The Army and Navy monument, Indianapolis, Ind.
You know that I hail from Indiana by now, which means I signed up for the Indiana Genealogy Crash Course webinar as soon as I saw the announcement from Family Tree University. My boys even cooperated by going to bed 15 minutes early that night so I could get my paper and pens ready, sit down with a cup of tea, and plug my headphones in. It was well worth all the anticipation.
It did go very fast, and there was a lot of information to cover. I gave up taking a lot of notes; my hand couldn’t go that fast! The webinar has been downloaded, and now I can go through it all again and catch what I missed the first time around at my leisure. In addition, I have three new books to add to my wish list over on Amazon.com, as well as a plethora of sites to explore on-line and in person the next time I go home.
The afternoon after the webinar I spent a couple of hours doing some online searches. You see, not only am I predominantly from Indiana (150+ years), but both sides of my husband’s family were in Indiana at one point too. This makes my pleas for a trip home to do research a little bit easier as I can do research on both our families!
I researched for an hour (all the time I had, and I set a timer too) in the Indiana State Digital Archives. The first database I consulted was the Naturalization Records for Dubois County . Not all the counties are on there, but I lucked out since my German immigrant families settled in Dubois. I have six possible John Millers to look through, and almost the same number for the spelling of Muller, but the great find was for my 3rd great-grandfather Hubert Negle. Thankfully, I looked at all the ways I have seen this name spelled: Negle/Nagley/Nageli. It appeared under Hubert Nageli, and it gave me information I never had before, including his place of departure (Le Havre, France) and arrival (New York, New York), his immigration date (Oct. 16, 1853) and his naturalization date (July 19, 1856). Now, this is just an index, but luckily there is a reference number on where the originals are. The next step is to see those records for myself if possible.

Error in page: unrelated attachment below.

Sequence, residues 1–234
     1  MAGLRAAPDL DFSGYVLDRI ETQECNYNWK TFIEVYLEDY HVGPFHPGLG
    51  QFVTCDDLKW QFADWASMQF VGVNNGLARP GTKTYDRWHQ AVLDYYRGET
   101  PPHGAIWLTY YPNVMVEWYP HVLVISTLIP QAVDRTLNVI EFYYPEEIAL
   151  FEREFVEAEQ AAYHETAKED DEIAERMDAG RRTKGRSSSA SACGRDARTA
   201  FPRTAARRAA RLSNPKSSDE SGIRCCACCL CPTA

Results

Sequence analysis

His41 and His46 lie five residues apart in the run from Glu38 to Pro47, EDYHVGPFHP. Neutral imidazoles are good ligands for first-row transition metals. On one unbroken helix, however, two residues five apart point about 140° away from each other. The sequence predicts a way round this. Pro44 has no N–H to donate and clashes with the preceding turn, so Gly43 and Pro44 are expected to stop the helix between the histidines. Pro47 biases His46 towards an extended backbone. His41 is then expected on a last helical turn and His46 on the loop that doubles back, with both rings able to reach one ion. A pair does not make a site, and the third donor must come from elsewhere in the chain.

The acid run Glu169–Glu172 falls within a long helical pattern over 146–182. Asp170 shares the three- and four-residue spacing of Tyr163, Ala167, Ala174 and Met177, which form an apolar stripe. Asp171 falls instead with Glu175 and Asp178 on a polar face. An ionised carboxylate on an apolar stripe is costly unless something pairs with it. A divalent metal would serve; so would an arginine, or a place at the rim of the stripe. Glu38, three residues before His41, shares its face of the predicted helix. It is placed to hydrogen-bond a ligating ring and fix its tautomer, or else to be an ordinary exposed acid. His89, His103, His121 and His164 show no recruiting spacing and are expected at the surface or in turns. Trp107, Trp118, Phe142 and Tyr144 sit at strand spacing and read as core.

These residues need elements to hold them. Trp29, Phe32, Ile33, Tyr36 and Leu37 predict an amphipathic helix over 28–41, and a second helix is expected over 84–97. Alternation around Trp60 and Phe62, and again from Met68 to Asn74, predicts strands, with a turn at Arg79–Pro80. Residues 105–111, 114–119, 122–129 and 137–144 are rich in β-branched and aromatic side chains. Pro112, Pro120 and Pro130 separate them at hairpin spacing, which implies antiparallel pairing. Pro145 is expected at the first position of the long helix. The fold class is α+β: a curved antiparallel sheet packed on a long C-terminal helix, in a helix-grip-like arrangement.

Next, I looked at land records. I found my Combs ancestors there, with information on where their patents were, dates, land descriptions, and more. Curiosity got me; so I went over to the Bureau of Land Management and looked them up there too. Seeing the actual land patents with Martin Van Buren’s signature on them was very cool; I will have to order them in the near future. Here’s one of the land purchases for Charles Combs.
Taking a stab at my husband’s family, I did find his third-great-grandfather Button mistyped in the database as Britton G. Cody. C’est-la-vie. Thankfully, I knew who I was looking for and could verify it was Button through the Civil War records I possessed already. I didn’t find Button, but in a surprise turn of luck I did find the Mexican American War enlistment for Button’s father, David Cody. I am still researching the family story that David chased after Button, who ran away to join the army, and instead ended up enlisting himself.
All that in one hour of work; imagine what I can find when I can carve out an afternoon!
Photo from the Library of Congress
Family Tree Firsts is an ongoing blog series featuring newbie genealogist Shannon Bennett of Locust Grove, Va.
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